"This is my experience during “active storing,” and the wax scales are to be found on the bees just the same whether they are furnished with foundation or not; and I can arrive at no other conclusion than that arrived at by Mr. S.J. Youngman, when he says on page 108: ‘The bees secrete wax during a honey flow, whether they are building comb or not; and if they are not employed in building comb, this wax is most certainly lost.’
“Once more on page 93, of the American Apiculturist, Mr. G.W. Demaree says: ‘Observation has convinced me that swarms leave the parent colony better prepared to build comb than they ever are under other circumstances; and that if they are not allowed to utilize this accumulated force, by reason of having full sheets of foundation at hand to work out, there will necessarily be some loss; and I think that when the matter is computed, to find the loss and gain the result will show that the foundation really costs the apiarist double what he actually pays for it in cash’…Now, I have often noticed, and especially in looking back over the last year, after reading Mr. Mitchell’s “Mistaken Economy,” that swarms hived in June would fill their hives full of nice straight worker combs, and the combs would be filled with brood during the first two weeks after hiving; while a colony not casting a swarm would not make a gain of a single pound of honey; nor would a swarm having a full set of combs given them, or the frames filled with foundation, be a whit better off at the end of two weeks. Mr. P.H. Elwood has noted the same thing; thus proving that the theory that it takes 20 pounds of honey to produce one pound of comb, will not hold good in cases where bees desire comb and have free access to pollen. As most of my comb is built at this time, the reader will readily see that the combs cost me but little, save the looking after the colony once or twice while building comb, which is far cheaper than buying foundation, or fussing with a foundation mill.”–G.M. Doolittle ABJ Vol 20 No 18 pg 276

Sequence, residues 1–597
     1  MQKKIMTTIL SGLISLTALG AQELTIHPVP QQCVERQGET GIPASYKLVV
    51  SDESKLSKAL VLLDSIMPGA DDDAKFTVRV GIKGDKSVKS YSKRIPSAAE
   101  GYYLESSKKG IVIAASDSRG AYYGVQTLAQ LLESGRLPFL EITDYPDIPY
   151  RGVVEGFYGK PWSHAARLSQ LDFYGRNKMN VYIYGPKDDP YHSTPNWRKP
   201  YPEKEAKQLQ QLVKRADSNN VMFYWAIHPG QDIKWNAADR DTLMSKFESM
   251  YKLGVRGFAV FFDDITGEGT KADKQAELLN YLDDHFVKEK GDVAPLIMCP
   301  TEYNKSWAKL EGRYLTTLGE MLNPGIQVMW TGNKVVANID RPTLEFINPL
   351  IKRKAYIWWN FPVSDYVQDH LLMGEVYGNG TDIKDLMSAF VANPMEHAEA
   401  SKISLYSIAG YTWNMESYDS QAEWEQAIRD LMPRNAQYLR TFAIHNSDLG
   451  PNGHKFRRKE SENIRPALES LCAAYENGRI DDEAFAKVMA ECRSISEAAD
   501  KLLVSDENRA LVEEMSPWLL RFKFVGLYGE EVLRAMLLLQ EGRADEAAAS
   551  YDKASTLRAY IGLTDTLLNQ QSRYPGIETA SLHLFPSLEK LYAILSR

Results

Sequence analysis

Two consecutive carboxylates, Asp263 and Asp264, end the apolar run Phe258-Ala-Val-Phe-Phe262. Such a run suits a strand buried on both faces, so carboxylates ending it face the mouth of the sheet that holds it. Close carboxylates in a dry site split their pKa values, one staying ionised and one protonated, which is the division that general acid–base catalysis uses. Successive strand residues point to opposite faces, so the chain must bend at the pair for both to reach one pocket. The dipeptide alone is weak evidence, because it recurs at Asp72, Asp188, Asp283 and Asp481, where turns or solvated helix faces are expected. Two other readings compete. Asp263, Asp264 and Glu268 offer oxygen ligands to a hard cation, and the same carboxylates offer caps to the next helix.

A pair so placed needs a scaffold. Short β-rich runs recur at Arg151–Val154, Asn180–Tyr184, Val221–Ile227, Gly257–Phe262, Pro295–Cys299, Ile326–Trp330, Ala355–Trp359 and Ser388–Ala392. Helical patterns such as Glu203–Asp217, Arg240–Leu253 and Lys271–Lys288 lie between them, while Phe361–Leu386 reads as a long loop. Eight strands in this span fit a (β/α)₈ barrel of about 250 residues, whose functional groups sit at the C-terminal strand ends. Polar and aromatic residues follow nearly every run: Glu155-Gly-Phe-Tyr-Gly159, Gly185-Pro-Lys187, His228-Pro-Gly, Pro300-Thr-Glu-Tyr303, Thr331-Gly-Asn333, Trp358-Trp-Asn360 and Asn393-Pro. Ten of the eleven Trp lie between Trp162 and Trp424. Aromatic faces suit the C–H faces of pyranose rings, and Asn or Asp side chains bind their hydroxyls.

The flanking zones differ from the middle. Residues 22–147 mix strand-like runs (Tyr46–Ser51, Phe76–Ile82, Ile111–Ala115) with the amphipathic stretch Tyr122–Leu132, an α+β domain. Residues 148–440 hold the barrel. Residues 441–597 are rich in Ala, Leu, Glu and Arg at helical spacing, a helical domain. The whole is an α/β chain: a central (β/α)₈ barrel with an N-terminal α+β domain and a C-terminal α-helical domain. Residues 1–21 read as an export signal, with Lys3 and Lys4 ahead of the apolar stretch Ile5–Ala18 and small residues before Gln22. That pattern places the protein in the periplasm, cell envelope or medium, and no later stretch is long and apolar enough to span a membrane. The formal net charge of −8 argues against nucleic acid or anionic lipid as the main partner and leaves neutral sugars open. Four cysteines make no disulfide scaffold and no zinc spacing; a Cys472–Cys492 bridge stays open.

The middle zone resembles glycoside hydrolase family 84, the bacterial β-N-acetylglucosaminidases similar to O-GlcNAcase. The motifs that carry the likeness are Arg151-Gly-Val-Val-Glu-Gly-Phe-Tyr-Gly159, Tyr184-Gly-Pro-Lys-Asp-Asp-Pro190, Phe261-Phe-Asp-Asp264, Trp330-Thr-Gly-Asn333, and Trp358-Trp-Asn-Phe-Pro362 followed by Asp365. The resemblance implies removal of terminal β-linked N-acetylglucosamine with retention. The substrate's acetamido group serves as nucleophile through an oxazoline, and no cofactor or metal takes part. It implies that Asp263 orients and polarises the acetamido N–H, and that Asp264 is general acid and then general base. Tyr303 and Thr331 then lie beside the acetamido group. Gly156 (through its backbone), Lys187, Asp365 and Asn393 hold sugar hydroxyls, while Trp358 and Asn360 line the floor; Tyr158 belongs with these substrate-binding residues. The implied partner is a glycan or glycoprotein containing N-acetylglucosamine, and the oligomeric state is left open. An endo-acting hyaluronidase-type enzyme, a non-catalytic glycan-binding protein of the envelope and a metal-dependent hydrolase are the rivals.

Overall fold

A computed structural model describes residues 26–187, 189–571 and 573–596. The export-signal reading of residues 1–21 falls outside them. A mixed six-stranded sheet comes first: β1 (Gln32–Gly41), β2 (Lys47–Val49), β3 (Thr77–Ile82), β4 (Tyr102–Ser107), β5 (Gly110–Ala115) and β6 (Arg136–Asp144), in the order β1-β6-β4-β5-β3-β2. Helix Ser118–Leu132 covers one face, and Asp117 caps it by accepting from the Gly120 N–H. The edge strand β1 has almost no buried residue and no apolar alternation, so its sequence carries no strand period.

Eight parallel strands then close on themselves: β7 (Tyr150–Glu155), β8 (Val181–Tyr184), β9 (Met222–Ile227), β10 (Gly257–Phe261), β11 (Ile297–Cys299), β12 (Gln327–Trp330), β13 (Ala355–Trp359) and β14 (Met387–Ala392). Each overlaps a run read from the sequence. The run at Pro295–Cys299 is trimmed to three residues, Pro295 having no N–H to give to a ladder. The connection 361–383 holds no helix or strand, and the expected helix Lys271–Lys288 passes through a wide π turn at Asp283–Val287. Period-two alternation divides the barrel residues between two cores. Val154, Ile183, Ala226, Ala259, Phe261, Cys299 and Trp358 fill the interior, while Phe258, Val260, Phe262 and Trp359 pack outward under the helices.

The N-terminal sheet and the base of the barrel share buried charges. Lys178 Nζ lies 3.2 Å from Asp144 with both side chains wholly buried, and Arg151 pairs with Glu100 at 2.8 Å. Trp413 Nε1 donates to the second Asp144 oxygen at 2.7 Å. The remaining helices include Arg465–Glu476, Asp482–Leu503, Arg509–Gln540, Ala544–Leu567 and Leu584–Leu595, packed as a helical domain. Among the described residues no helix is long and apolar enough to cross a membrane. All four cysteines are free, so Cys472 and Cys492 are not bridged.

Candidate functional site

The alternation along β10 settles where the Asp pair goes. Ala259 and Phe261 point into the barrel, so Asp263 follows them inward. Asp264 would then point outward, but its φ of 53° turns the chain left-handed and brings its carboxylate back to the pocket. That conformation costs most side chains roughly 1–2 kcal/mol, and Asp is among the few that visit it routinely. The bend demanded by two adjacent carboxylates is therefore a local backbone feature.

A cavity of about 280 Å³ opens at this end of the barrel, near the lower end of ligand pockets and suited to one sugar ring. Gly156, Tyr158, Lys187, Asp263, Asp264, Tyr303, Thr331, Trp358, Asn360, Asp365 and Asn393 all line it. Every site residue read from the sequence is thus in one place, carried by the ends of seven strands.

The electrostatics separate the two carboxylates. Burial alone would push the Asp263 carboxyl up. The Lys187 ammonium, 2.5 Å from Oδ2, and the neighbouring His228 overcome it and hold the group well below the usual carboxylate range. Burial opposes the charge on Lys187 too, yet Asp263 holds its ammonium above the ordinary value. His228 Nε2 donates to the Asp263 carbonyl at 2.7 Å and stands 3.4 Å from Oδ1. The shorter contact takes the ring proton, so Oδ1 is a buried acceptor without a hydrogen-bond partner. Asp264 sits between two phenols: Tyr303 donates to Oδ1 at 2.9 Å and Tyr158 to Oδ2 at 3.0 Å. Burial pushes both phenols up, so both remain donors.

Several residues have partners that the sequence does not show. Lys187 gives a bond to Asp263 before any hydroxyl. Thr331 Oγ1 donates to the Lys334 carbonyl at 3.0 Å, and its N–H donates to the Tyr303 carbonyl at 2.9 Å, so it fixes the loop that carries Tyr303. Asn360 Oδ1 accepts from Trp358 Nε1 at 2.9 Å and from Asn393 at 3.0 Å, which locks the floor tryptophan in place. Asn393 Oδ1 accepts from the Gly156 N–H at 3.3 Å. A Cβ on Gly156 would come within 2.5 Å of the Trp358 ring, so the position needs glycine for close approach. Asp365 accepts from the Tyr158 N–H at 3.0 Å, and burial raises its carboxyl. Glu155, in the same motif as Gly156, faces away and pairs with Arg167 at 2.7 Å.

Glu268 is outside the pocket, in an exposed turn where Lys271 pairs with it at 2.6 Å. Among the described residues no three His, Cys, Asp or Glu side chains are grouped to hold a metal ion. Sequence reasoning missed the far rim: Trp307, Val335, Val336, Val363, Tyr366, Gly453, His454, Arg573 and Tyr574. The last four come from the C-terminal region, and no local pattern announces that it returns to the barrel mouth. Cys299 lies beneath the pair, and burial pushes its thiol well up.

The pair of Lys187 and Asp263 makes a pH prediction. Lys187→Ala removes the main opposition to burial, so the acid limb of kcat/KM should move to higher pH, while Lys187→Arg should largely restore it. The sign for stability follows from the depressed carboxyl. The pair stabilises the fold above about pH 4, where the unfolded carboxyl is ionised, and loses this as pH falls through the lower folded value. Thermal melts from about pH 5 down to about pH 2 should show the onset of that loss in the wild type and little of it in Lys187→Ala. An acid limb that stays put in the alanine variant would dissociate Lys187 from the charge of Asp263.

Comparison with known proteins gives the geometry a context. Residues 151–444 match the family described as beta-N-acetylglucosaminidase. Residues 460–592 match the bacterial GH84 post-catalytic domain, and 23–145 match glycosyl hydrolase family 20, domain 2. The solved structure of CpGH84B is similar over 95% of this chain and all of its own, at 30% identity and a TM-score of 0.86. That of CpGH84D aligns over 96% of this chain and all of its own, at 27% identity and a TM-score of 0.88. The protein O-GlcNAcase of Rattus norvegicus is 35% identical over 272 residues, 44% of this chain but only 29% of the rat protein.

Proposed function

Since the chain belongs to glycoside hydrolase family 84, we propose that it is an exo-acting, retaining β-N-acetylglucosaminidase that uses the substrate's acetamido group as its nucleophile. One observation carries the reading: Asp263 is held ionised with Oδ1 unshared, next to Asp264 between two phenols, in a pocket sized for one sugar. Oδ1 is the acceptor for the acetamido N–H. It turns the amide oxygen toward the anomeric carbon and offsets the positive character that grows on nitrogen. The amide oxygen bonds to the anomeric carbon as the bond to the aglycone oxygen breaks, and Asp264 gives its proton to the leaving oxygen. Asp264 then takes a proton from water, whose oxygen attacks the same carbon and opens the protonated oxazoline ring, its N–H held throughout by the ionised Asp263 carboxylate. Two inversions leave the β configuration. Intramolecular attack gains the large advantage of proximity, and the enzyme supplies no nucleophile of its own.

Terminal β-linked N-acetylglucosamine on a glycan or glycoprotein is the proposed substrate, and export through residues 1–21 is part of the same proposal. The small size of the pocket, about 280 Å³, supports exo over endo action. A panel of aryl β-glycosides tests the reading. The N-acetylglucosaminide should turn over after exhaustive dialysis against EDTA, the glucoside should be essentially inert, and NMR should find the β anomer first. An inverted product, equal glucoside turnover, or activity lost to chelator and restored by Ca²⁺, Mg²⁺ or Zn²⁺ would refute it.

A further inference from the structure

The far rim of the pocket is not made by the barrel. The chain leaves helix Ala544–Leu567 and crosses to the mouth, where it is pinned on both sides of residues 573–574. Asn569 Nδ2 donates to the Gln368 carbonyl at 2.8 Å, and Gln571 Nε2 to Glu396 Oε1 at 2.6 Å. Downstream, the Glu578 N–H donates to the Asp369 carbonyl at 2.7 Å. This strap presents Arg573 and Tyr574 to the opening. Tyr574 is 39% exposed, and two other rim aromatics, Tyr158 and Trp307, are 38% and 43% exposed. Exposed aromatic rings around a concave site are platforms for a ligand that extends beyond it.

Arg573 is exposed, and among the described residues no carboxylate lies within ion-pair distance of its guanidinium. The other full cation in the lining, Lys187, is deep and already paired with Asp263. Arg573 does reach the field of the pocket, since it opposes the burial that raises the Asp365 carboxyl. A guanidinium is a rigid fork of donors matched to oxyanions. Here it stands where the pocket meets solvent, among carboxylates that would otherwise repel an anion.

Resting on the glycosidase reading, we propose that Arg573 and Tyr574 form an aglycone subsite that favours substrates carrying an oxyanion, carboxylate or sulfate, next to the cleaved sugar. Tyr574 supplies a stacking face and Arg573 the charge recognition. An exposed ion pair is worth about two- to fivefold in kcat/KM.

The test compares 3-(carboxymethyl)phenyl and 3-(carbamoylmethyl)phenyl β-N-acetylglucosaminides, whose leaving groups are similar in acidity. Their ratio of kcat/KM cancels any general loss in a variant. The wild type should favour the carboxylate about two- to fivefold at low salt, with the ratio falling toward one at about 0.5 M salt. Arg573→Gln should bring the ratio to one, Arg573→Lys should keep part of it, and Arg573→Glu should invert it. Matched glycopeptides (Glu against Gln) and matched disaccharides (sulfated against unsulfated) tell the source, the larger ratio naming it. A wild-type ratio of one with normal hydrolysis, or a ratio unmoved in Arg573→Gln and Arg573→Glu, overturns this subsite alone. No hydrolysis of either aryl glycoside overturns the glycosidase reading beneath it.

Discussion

In my experience it’s not about how much of this it takes to make how much of that. The increase in yield with drawn comb is because of time. There is somewhere to put the nectar so time is not wasted during the flow building comb. In my experience the bees build foundationless much faster than they build foundation, so it wastes less time than when you give them foundation.